0708-1300/Homework Assignment 4

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Reading

Read section 11 of chapter II and sections 1-3 of chapter V of Bredon's book three times:

  • First time as if you were reading a novel - quickly and without too much attention to detail, just to learn what the main keywords and concepts and goals are.
  • Second time like you were studying for an exam on the subject - slowly and not skipping anything, verifying every little detail.
  • And then a third time, again at a quicker pace, to remind yourself of the bigger picture all those little details are there to paint.

Doing

Solve the following problems from Bredon's book, but submit only the solutions of the problems marked with an "S":

problems on page(s)
S1, S2 100-101
S1, S2, 3 264

Also, solve and submit the following question:

Question 6.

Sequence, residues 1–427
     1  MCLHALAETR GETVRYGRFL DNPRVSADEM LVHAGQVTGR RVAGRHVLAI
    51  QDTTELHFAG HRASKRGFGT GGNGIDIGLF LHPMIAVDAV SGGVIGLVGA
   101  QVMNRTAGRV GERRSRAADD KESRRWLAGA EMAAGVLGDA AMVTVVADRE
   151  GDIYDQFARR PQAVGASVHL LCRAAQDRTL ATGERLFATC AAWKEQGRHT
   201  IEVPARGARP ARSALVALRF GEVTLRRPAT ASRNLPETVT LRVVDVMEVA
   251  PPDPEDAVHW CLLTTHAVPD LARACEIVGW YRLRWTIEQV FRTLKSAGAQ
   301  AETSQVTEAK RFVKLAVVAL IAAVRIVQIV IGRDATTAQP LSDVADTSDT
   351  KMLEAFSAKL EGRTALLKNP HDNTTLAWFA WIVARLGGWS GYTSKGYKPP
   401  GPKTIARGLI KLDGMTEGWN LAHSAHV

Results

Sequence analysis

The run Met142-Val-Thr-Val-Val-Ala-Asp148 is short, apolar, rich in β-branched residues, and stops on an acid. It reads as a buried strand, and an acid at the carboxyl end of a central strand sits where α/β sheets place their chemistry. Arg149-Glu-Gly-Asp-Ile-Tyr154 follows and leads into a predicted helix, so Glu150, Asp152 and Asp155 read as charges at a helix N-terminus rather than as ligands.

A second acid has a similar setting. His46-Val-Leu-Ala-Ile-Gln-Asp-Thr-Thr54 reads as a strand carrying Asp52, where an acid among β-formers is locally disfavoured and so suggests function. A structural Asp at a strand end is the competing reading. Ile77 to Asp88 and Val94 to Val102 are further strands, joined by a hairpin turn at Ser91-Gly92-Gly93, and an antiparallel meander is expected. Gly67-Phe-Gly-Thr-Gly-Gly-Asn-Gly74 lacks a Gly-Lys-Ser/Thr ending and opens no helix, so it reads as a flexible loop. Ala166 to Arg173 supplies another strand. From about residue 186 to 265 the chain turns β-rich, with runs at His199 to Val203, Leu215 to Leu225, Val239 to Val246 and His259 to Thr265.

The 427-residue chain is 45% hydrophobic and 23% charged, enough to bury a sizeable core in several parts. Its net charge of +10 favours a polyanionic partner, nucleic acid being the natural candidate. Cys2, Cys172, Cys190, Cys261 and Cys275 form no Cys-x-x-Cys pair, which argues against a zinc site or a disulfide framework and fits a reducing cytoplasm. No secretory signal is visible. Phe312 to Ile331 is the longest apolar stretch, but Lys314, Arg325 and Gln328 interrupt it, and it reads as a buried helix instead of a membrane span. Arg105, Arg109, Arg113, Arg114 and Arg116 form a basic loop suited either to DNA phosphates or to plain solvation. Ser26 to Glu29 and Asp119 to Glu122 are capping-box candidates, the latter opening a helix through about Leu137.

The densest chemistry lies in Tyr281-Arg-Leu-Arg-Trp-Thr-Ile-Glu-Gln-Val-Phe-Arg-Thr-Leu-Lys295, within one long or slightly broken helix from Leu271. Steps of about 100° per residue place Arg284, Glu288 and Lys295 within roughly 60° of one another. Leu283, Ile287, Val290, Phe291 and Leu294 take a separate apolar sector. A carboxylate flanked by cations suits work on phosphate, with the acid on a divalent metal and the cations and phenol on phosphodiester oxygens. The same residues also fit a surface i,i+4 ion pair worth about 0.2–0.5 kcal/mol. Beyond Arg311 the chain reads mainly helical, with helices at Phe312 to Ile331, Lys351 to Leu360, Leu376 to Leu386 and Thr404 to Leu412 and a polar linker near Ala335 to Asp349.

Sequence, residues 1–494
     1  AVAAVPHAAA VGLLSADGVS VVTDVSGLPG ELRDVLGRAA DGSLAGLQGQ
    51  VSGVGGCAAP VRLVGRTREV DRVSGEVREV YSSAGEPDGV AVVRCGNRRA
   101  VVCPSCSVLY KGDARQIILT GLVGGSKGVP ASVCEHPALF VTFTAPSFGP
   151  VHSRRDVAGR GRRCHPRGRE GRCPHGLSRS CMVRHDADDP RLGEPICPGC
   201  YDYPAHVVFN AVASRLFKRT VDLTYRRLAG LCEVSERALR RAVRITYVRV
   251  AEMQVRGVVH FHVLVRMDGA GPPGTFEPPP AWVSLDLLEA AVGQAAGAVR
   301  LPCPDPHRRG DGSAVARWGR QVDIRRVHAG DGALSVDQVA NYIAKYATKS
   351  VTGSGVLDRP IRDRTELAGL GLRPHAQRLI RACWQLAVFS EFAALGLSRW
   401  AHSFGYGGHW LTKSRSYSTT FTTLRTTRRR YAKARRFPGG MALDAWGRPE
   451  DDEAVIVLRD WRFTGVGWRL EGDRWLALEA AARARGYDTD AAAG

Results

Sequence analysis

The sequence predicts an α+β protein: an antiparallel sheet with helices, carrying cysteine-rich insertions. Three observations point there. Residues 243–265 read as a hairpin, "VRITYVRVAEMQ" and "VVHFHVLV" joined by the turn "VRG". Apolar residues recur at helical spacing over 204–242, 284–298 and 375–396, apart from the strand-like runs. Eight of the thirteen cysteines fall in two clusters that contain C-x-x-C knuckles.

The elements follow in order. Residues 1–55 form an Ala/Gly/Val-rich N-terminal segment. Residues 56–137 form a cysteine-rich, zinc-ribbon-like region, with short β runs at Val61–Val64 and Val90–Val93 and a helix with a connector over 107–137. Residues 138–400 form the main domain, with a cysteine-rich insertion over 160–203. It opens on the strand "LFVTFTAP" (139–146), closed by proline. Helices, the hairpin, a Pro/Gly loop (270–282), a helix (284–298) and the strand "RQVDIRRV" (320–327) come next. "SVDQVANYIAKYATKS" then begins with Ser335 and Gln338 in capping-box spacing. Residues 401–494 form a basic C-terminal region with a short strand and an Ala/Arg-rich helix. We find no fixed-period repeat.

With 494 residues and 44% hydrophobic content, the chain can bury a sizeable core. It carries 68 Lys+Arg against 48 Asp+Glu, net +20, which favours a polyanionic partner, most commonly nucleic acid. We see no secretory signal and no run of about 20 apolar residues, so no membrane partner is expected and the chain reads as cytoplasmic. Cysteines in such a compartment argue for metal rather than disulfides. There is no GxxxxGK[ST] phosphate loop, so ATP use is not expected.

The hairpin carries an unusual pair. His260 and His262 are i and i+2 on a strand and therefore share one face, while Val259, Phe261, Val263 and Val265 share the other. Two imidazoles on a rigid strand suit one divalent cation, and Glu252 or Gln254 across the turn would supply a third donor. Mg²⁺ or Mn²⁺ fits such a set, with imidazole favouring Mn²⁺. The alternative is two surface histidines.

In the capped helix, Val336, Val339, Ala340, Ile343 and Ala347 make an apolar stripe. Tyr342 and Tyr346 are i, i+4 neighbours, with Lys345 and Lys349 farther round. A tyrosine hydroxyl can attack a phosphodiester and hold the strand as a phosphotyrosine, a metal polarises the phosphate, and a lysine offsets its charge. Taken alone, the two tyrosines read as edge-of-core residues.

1. Show that if n\neq m then {\mathbf R}^n is not diffeomorphic (homeomorphic via a smooth map with a smooth inverse) to {\mathbf R}^m.
  2. Show that if n\neq m then {\mathbf R}^n is not homeomorphic to {\mathbf R}^m.

Note that a priori the second part of this question is an order of magnitude harder than the first. I am not sure how to do it with our current techniques, though later on it will become an easy consequence of "homology theory".

Due Date

This assignment is due in class on Tuesday November 20, 2007.

Just for Fun

Find a geometric interpretation to the formula

d\omega(X,Y)=X(\omega(Y))-Y(\omega(X))-\omega([X,Y]).

(Of course, you have to first obtain a geometric understanding of [X,Y], and this in itself is significant and worthwhile).

Dror's notes above / Student's notes below

Look at the story of Barnie the polar bear. If n\neq m then {\mathbf R}^n is not homeomorphic to {\mathbf R}^m.